Ski Home Prices on a Downhill Slope
From the Colorado Rockies to the Vermont Green Mountains, ski resort bargain hunters are out in force looking for deals. Unfortunately for sellers, a glut of homes has meant a downward slope for prices.
If nothing else, for those that need to sell, the real estate freefall is an equal opportunity scourge, hitting the well-heeled as well as the entry-level homeowner.
"I never thought I would see the day of million-dollar price reductions," Colorado real estate agent Karen Barrocas told ABC News. "It's definitely a buyer's market and the supply is much larger than the demand."
In Eagle County, home of ski havens Vail and Beaver Creek, sales have dropped more than 72 percent from the hey day of 2005 and 47 percent from 2008. And, as sales fall, prices drop. The area's prices have dropped 30 percent from their 2006 peak.
Despite the tough sales climate, ski resort property has been relatively insulated from foreclosures. A big reason is that many luxury resort buyers paid cash or put up large down payments, giving them a lot more equity than the toxic residential loans that have plagued the real estate market.
There have been just 38 foreclosures for the year in Vail and just one last month, according to RealtyTrac. Snow Mountain in Vermont had just three this year and none in nearby Mt. Stowe. Killington, Vermont had one each in the past three months.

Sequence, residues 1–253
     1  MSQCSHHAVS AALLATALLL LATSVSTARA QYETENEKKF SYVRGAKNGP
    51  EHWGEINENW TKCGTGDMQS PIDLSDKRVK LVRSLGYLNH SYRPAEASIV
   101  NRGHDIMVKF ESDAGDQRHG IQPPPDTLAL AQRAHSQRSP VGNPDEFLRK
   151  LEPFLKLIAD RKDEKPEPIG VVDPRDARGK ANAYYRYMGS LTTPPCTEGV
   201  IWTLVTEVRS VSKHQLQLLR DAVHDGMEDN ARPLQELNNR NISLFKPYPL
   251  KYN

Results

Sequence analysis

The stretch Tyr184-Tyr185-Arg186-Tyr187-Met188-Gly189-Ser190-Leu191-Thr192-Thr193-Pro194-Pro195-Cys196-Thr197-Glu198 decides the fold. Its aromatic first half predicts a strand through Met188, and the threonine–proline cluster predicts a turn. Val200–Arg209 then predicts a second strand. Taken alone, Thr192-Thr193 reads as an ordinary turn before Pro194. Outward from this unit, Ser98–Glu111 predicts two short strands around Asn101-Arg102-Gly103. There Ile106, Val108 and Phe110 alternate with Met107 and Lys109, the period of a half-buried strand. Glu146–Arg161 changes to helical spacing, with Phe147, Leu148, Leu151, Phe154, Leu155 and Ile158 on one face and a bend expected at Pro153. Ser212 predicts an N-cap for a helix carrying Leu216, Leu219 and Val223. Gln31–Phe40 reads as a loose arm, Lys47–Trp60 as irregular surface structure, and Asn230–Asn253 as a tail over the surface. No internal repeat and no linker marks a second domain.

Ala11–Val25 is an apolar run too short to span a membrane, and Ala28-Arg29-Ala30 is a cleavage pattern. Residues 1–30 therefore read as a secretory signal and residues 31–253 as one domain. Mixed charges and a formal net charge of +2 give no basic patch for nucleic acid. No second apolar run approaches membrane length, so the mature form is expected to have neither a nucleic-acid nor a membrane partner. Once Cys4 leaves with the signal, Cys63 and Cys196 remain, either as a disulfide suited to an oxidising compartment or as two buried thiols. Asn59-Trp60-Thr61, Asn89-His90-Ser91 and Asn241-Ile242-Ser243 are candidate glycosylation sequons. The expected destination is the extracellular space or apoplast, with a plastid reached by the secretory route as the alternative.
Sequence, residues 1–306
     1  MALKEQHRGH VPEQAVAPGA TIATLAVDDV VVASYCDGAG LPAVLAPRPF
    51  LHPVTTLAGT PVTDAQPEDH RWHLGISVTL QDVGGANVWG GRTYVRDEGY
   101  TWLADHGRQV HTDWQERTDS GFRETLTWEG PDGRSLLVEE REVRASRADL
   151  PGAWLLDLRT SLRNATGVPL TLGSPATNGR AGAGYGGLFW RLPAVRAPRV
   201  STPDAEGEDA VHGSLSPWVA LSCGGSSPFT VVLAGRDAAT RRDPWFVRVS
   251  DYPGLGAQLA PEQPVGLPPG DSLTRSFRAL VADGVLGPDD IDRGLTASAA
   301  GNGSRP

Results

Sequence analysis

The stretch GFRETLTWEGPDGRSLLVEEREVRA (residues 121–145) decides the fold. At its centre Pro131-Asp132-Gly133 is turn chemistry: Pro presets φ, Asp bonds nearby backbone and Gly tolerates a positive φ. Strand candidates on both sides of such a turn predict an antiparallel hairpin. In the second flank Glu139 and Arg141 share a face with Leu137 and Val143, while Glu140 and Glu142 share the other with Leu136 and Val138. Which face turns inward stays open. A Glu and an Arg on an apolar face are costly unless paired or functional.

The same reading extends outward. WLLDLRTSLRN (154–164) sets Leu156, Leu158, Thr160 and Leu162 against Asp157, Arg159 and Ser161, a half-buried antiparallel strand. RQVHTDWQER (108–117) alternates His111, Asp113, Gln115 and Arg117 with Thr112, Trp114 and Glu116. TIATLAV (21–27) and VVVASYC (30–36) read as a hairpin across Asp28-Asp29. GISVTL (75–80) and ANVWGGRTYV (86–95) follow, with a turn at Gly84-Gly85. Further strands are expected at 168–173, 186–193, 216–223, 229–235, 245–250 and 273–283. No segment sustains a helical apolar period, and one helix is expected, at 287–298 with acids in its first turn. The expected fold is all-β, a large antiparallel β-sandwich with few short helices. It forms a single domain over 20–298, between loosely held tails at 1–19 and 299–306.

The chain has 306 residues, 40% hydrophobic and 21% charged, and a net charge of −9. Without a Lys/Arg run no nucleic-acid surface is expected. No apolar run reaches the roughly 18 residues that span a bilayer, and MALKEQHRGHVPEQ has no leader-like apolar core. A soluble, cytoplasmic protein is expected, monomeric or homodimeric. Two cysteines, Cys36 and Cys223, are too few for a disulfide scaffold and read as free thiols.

The Colorado resort areas have been hit a bit harder than their Eastern counterparts, who are much closer to major population centers, such as Boston and New York, and are able to reach a greater audience.
But that hasn't deterred all buyers. Even in the Great Recession, there are those who have plenty of money. Ironically, some of the biggest real estate transactions in Vail history have occurred in 2009. Two homes sold for more than $15 million in Beaver Creek and a Bachelor Gulch home recently sold for $11 million.
The U.S. ski resort market isn't the only one hurting. Sales have also taken a dive at Whistler, British Columbia, host of the 2010 Winter Olympics that begin in February.
"Everywhere I've been working, real estate sales just dropped dead 15 to as long as 20 months ago," Paul Mathews, president of Ecosign Mountain Resort Planners in Whistler, told the New York Times. Mathews has been involved in the planning of 30 ski resort projects around the world in the past year.
Ski resorts are a lot like old time land speculation, when investors would buy up big chunks of property, develop amenities and then sell the lots. Unlike their fast-buck forefathers, today's ski resort developers are well capitalized and it's rare that one goes under.
Instead, resorts are biding their time, holding off on construction until the economy becomes more robust and pent up demand is unleashed.